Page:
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Ortiz v. Connolly

March 27, 2009


The opinion of the court was delivered by: James K. Singleton, Jr. United States District Judge


Petitioner Eddie Ortiz, a state prisoner appearing pro se, has petitioned for a writ of habeas corpus pursuant to 28 U.S.C. § 2254. Ortiz is currently in the custody of the New York Department of Correctional Services, incarcerated in the Fishkill Correctional Facility. Respondent has answered the petition, and Ortiz filed his traverse.


In September 2001 a Cayuga County Court jury returned a verdict of guilty on a charge of Aggravated Harassment of an Employee by an Inmate (N.Y. Pen. Law § 240.32). On a post-conviction motion, the trial court vacated the conviction, finding that the verdict was against the weight of the evidence. The People appealed to the Appellate Division, Fourth Department, which reversed the trial court and reinstated the verdict, and the New York Court of Appeals denied leave to appeal.*fn2 On remand, Ortiz was sentenced an indeterminate term of two and one-half to five years, to be served consecutive to his current sentence. Ortiz timely appealed to the Petitioner, Appellate Division, Fourth Department, which affirmed his conviction in a reasoned written opinion and the New York Court of Appeals denied leave to appeal on June 27, 2005.*fn3

On August 17, 2006, Ortiz filed a motion for a writ of error coram nobis in the Appellate Division, Fourth Department, which summarily denied his motion without opinion or citation to authority, and the New York Court of Appeals denied leave to appeal on January 25, 2007.*fn4

Ortiz timely filed his petition for relief in this Court on February 22, 2007, and his amended petition on April 2, 2007.


In his petition before this Court Ortiz raises four grounds: (1) and (2) both claim ineffective assistance of appellate counsel; (3) insufficiency of the evidence to support the conviction; and (4) in denying his application for a writ of error coram nobis without ordering a response and holding a hearing violated New York law.

Respondent does not assert any affirmative defenses.*fn5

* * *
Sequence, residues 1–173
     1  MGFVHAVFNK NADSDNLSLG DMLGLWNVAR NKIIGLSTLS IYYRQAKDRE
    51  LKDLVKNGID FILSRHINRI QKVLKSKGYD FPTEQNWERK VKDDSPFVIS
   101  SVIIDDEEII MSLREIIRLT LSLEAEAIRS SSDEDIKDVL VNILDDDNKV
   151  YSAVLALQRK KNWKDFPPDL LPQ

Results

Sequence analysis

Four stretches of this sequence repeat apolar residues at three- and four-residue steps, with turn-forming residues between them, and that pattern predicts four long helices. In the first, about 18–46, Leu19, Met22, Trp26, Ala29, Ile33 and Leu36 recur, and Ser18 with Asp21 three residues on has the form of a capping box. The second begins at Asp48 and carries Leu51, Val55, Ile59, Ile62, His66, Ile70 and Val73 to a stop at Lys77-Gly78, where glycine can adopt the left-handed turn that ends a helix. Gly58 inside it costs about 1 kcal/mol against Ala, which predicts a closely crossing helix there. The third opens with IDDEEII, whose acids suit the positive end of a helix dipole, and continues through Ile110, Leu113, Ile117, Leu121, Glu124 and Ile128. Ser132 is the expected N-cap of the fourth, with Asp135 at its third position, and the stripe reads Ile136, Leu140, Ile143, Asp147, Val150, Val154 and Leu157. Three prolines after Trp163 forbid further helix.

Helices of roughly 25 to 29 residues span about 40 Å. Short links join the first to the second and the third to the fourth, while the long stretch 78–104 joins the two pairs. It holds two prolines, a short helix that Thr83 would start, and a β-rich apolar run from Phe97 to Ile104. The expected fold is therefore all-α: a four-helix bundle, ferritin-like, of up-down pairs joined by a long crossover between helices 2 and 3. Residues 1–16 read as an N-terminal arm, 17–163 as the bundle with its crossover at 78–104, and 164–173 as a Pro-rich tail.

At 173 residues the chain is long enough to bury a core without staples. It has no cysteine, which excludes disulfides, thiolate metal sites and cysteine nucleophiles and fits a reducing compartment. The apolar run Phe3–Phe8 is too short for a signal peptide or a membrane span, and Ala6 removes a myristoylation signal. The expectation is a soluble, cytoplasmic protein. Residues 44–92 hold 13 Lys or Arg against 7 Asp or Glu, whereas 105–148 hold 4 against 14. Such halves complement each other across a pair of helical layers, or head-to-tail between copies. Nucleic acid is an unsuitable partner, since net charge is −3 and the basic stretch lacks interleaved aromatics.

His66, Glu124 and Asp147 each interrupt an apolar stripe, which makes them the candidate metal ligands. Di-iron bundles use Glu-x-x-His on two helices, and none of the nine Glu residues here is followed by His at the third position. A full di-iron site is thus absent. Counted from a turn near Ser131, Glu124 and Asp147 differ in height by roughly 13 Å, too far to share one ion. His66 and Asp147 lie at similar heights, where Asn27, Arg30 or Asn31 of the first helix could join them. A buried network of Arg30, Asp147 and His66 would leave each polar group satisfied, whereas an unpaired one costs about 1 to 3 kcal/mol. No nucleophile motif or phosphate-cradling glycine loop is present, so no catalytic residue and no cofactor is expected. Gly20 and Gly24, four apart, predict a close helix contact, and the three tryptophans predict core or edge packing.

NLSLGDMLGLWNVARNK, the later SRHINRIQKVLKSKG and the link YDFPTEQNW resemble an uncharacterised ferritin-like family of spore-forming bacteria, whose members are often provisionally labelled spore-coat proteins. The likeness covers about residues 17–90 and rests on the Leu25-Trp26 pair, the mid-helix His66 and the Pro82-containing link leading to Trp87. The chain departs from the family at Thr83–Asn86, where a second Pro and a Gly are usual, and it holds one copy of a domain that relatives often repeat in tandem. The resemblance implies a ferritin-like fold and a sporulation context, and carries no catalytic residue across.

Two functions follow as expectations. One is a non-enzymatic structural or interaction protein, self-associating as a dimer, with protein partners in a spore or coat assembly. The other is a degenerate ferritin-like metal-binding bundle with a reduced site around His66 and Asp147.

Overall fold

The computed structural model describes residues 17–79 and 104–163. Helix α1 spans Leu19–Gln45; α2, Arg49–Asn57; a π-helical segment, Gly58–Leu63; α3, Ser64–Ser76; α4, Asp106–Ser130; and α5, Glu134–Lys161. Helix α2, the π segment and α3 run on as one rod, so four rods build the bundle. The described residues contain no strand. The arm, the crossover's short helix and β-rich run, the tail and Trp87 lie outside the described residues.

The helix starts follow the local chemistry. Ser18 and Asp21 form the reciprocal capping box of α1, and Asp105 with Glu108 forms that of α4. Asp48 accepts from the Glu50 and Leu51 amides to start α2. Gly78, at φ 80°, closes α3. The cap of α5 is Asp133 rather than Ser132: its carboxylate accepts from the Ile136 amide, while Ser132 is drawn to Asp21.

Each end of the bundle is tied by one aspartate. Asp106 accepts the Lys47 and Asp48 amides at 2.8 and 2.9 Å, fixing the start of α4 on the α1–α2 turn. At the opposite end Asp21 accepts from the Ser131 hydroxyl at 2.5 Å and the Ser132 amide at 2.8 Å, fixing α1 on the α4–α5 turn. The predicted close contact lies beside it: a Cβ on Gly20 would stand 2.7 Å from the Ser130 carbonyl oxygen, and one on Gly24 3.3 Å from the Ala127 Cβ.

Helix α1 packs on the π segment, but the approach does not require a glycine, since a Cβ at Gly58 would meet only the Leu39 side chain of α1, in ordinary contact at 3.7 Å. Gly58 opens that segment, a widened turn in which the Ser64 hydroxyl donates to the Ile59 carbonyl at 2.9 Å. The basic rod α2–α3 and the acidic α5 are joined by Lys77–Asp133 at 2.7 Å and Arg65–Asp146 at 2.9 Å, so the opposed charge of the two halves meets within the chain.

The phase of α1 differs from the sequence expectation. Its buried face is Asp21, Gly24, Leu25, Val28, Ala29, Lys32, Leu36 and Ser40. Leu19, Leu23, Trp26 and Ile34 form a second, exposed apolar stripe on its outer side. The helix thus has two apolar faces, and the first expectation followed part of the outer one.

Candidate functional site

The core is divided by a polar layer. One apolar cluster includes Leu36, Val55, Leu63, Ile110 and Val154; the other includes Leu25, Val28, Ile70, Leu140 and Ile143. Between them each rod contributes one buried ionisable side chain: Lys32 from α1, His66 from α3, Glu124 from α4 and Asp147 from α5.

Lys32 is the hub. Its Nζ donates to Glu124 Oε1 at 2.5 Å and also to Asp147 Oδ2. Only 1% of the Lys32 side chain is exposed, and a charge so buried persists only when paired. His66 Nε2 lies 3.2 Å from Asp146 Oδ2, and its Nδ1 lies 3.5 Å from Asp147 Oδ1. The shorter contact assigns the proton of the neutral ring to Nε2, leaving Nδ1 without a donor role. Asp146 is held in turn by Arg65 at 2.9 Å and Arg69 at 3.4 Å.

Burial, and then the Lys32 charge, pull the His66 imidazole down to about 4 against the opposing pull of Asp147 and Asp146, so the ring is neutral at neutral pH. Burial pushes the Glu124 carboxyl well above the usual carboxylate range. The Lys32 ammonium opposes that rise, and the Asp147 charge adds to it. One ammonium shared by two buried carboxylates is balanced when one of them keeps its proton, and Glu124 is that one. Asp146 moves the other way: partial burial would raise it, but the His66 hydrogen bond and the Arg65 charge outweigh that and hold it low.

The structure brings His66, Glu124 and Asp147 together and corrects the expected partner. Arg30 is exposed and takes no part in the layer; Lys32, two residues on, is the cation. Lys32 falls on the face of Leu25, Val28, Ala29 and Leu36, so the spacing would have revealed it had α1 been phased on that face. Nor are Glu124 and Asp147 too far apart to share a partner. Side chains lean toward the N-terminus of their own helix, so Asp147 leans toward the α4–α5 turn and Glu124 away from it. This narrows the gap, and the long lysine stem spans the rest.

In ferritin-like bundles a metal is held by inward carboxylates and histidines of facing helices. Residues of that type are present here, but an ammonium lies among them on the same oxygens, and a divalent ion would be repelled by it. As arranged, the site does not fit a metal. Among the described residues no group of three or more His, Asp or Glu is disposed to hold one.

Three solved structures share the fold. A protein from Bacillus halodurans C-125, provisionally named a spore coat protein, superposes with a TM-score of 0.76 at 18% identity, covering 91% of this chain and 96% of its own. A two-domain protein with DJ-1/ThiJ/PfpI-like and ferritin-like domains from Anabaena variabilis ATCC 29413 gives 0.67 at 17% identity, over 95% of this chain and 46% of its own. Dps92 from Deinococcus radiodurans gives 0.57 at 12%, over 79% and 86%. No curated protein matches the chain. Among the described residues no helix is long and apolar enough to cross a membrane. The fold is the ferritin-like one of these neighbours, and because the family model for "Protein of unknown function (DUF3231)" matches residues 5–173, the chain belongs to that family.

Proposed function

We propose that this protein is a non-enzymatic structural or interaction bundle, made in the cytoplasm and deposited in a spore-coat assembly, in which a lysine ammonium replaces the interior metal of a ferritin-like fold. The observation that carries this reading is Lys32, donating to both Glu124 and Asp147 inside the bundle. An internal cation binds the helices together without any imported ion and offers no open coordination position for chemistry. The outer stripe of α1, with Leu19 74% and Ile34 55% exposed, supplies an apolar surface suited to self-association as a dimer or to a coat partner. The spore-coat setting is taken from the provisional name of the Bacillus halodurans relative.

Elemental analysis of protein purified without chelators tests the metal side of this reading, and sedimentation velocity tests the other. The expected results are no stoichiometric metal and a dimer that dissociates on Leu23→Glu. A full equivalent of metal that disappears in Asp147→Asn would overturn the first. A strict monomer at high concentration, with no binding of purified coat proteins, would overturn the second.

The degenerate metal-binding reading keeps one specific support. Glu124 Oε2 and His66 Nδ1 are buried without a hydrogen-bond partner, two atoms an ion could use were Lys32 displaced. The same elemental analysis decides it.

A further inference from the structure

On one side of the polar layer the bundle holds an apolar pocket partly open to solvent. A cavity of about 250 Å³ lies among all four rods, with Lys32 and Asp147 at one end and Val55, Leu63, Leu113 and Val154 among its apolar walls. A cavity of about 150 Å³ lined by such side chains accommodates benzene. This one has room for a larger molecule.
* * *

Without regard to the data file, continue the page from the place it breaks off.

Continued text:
Because Ortiz filed his petition after April 24, 1996, it is governed by the standard of review set forth in the Antiterrorism and Effective Death Penalty Act of 1996 ("AEDPA"), 28 U.S.C. § 2254. Consequently, this Court cannot grant relief unless the state court decision was "contrary to, or involved an unreasonable application of, clearly established Federal law, as determined by the Supreme Court of the United States" at the time the state court renders its decision or "was based on an unreasonable determination of the facts in light of the evidence presented in the State court proceeding."*fn6 The Supreme Court has explained that "clearly established Federal law" in § 2254(d)(1) "refers to the holdings, as opposed to the dicta, of [the Supreme Court] as of the time of the relevant state-court decision."*fn7 Thus, where holdings of the Supreme Court regarding the issue presented on habeas review are lacking, "it cannot be said that the state court 'unreasonabl[y] appli[ed] clearly established Federal law.'"*fn8 When a claim falls under the "unreasonable application" prong, a state court's application of the Supreme Court precedent must be "objectively unreasonable," "not just incorrect."*fn9 The Supreme Court has made clear that the objectively unreasonable standard is a substantially higher threshold than simply believing the state court determination was incorrect.*fn10 In a federal habeas proceeding, the standard under which this Court must assess the prejudicial impact of constitutional error in a state-court criminal trial is whether the error had a substantial and injurious effect or influence in determining the outcome.*fn11 Ortiz "bears the burden of proving by a preponderance of the evidence that his constitutional rights have been violated."*fn12

In applying this standard, this Court reviews the last reasoned decision by the state court.*fn13 In addition, the state court's findings of fact are presumed to be correct unless the petitioner rebuts this presumption by clear and convincing evidence.*fn14 If a federal claim has not been adjudicated on the merits, AEDPA deference is not required.*fn15 In that situation, conclusions of law and mixed questions of fact and conclusions of law are reviewed de novo.*fn16 A state court decision is conclusively presumed to have been on the merits when the state court disposes of the claim on other than procedural grounds, even where it fails to provide any reasoning for the disposition.*fn17 Where there is no reasoned decision of the state court addressing the ground or grounds raised by Ortiz on the merits and no independent state grounds exist for not addressing those grounds, this Court must decide the issues de novo on the record before it.*fn18